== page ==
Looking for a new place to live? Here are three types of fire safety tips to keep in mind during your search.
Tip #1: Smoke Alarms
- Make sure that there are smoke alarms on all levels of the home (inside every bedroom, near your kitchen, and outside sleeping areas).
- (For new build homes, The National Fire Alarm Code (NFPA 72) requires hard-wired, interconnected smoke alarms with battery back-up on every level of the home, outside each sleeping area, and inside each bedroom. Alarms must be wired together so that if one sounds, they all sound.)
- Ask how recently the smoke alarms were replaced. If it has been more than 10 years, they need to be changed. New batteries should be put in at least once a year – if your model requires it.
Tip #2: Heating Systems
- Make sure that the heating system in the home does not include any space heaters in small enclosed spaces.
- Check when heating systems have been inspected to ensure that air ducts allow the heat to escape outdoors safely.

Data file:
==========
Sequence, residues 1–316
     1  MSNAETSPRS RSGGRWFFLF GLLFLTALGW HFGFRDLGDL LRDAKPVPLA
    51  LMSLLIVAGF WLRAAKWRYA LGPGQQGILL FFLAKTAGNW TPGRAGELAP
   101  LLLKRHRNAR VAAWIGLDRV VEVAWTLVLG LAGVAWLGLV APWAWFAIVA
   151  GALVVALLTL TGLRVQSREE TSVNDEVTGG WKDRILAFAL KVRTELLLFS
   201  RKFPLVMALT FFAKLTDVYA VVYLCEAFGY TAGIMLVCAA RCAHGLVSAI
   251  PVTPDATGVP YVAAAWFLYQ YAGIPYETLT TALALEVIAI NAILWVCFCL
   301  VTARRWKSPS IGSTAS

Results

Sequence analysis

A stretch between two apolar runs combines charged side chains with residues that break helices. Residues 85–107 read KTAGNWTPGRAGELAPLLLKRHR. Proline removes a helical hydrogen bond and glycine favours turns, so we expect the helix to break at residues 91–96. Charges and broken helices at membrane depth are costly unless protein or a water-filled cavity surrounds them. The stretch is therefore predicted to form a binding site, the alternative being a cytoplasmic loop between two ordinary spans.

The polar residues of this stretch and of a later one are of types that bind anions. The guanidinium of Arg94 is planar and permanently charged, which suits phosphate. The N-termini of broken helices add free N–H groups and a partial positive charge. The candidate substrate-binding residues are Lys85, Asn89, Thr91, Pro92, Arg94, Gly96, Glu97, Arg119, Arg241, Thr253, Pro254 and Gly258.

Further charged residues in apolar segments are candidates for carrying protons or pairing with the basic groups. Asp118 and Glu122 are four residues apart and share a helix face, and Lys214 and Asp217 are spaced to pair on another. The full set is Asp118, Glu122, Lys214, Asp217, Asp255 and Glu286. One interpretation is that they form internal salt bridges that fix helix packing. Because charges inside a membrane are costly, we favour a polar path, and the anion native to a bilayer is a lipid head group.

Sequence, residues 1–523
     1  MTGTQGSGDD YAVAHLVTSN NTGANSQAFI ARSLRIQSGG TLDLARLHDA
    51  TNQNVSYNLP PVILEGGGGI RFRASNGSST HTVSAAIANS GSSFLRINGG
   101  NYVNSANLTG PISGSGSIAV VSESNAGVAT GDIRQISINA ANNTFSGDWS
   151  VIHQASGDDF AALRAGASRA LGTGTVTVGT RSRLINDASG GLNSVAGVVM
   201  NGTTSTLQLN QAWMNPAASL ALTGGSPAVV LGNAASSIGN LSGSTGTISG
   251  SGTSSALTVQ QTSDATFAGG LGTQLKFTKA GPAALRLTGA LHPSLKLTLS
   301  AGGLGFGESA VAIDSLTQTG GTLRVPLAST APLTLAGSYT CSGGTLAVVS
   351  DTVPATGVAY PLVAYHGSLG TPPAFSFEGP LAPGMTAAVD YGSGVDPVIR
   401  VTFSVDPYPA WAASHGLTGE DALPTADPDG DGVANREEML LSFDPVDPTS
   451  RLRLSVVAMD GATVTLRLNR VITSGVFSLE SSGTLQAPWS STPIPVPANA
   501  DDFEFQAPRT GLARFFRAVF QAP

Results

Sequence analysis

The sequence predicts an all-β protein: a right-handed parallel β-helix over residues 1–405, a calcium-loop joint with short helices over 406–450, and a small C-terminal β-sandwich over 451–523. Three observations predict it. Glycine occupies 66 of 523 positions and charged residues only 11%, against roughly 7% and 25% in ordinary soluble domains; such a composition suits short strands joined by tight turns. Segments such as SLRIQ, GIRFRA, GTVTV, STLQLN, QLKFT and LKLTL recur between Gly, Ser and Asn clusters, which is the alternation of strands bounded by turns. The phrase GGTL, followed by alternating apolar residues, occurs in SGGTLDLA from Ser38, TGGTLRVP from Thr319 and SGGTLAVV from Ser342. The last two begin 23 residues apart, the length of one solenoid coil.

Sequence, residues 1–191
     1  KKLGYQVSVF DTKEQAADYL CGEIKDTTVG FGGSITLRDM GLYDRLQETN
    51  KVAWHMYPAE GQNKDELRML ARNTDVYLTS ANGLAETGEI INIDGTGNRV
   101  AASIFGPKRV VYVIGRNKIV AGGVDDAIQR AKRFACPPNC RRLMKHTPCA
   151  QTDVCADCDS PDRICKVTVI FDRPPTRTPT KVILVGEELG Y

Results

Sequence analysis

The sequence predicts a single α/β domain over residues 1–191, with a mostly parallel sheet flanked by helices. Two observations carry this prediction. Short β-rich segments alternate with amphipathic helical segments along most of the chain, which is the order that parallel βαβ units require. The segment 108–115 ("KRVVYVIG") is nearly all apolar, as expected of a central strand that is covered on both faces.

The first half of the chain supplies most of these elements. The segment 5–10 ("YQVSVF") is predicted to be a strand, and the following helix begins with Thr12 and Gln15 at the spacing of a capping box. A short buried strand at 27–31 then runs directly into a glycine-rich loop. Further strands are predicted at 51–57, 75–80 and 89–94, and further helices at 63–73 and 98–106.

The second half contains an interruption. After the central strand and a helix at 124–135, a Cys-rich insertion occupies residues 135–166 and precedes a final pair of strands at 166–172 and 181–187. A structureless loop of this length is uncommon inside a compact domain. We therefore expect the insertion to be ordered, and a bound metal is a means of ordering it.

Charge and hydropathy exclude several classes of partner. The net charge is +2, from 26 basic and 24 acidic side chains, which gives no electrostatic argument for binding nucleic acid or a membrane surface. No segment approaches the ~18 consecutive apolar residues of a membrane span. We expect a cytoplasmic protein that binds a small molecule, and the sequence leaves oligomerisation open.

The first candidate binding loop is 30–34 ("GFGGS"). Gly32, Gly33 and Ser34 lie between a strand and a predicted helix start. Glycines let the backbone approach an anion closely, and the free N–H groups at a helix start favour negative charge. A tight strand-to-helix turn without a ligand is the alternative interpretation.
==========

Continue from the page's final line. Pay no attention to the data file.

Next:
Tip #3: Fire Escape Plan
- Think about fire escape plans when looking at a home and make sure that you can get outside safely in the case of an emergency (every room should have at least two ways to escape).
- If you are looking at an apartment, ask to see the building’s fire escape route and know the locations of all available exit stairwells.
Want more info to help prepare for home fires? Check out our Emergency App , our Monster Guard: Prepare for Emergencies App for children, and our Pet Fire Safety Guide.
BONUS: Want to test your skills? Take our home fire safety quiz!
About the Home Fire Campaign
The Home Fire Campaign is made possible through the generosity of hundreds of local partner organizations and volunteers, along with corporate partners Fred Meyer, Kidde, Motorola Solutions Foundation and Nationwide. As of August 31, the Red Cross and 3,600 partners have reached more than 591,000 people through home visits in 7,300 cities and towns all across the country. The Red Cross has also reached more than 581,000 youth through fire safety and preparedness programs. To date, the campaign is credited with saving more than 110 lives.